Examining a wide array of ancient writings, Nongbri demonstrates that in antiquity, there was no conceptual arena that could be designated as “religious” as opposed to “secular.” Surveying representative episodes from a two-thousand-year period, while constantly attending to the concrete social, political, and colonial contexts that shaped relevant works of philosophers, legal theorists, missionaries, and others, Nongbri offers a concise and readable account of the emergence of the concept of religion.

Classic Revisited: Gillespie, The Theological Origins of Modernity

It’s been a while since I did one of these, and though Michael Allen Gillespie’s The Theological Origins of Modernity (2008) is a little young for “classic” status, it is a learned and original intellectual history of modernity.  Gillespie’s thesis is that the conventional account of modernity as setting itself in opposition to or as rejecting altogether religion and theology is mistaken.  Instead, as he puts it early in the book:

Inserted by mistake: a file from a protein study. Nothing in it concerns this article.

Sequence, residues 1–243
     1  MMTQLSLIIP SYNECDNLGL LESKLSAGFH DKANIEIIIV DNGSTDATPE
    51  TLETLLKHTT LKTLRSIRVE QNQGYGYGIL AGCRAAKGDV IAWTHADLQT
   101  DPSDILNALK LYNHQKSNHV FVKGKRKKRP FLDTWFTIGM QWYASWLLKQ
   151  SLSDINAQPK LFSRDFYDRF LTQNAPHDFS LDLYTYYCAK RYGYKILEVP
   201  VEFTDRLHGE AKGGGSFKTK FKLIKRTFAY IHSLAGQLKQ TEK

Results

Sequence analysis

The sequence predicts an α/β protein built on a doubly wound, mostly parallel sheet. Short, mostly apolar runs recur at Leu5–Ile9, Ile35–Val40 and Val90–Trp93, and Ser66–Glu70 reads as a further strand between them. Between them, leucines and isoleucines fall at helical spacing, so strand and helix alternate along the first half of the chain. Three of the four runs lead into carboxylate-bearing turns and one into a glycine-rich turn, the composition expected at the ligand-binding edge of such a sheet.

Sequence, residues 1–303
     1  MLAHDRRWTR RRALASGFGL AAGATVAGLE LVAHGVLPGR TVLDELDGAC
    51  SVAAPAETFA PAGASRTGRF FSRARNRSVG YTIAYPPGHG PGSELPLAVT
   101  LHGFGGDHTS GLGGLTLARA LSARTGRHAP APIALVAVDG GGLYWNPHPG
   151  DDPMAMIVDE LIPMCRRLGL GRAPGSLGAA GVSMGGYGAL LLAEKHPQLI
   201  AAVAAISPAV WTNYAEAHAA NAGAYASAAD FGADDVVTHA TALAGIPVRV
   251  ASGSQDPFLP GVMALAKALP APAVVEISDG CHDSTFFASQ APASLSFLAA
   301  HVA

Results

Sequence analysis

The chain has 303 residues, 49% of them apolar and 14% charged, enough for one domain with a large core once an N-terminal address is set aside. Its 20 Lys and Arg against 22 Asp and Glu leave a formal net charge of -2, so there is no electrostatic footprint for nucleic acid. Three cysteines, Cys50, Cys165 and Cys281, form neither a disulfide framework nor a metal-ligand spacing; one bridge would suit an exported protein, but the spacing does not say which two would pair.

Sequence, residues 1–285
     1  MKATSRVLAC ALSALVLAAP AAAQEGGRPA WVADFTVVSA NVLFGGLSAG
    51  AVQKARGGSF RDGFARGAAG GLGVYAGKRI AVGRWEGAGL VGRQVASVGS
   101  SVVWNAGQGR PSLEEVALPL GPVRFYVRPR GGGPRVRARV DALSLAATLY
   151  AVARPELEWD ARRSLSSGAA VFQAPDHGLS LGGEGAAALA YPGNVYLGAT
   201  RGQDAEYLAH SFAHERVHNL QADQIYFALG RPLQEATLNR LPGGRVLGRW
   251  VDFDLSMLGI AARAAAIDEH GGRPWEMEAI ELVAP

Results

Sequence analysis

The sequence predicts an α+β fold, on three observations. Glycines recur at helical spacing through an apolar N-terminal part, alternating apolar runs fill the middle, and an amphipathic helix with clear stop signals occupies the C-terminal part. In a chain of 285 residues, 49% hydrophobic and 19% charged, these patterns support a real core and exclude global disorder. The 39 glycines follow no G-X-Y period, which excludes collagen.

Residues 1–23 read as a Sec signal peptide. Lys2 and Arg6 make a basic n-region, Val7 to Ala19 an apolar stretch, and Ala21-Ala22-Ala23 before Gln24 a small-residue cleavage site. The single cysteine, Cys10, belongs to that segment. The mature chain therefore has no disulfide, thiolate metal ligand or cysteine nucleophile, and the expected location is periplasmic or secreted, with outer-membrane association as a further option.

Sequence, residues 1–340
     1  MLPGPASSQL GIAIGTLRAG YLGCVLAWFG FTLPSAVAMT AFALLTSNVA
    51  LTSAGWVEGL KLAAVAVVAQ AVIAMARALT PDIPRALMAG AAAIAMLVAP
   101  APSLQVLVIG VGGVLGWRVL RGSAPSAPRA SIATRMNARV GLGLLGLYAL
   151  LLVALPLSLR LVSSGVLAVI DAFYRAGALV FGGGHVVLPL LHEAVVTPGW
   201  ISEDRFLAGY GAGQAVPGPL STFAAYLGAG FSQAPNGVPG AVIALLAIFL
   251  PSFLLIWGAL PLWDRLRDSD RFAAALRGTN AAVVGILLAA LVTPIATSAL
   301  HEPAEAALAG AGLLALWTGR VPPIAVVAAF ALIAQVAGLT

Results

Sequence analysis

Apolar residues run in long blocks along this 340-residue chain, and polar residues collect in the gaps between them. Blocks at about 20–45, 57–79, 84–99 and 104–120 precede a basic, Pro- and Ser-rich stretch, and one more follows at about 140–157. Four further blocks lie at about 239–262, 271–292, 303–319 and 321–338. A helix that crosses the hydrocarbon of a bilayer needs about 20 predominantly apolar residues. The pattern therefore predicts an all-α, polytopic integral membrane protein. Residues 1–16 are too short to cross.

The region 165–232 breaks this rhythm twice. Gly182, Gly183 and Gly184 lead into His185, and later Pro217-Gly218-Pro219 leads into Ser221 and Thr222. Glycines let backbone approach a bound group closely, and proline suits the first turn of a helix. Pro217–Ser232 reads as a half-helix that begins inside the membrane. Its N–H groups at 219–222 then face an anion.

[F]rom the very beginning, modernity sought not to eliminate religion but to support and develop a new view of religion and its place in human life, and did so not out of hostility to religion but in order to sustain certain religious beliefs.  As we shall see, modernity is best understood as an attempt to find a new metaphysical/theological answer to the question of the nature and relation of God, man, and the natural world that arose in the late medieval world as a result of a titanic struggle between contradictory elements within Christianity itself . . . . I will argue further that while this metaphysical/theological core of the modern project was concealed over time by the very sciences that it produced, it was never far from the surface, and it continued to guide our thinking and action, often in ways that we do not perceive or understand.  I will argue that the attempt to read the questions of theology and metaphysics out of modernity has in fact blinded us to the continuing importance of theological issues in modern thought in ways that make it very difficult to come to terms with out current situation.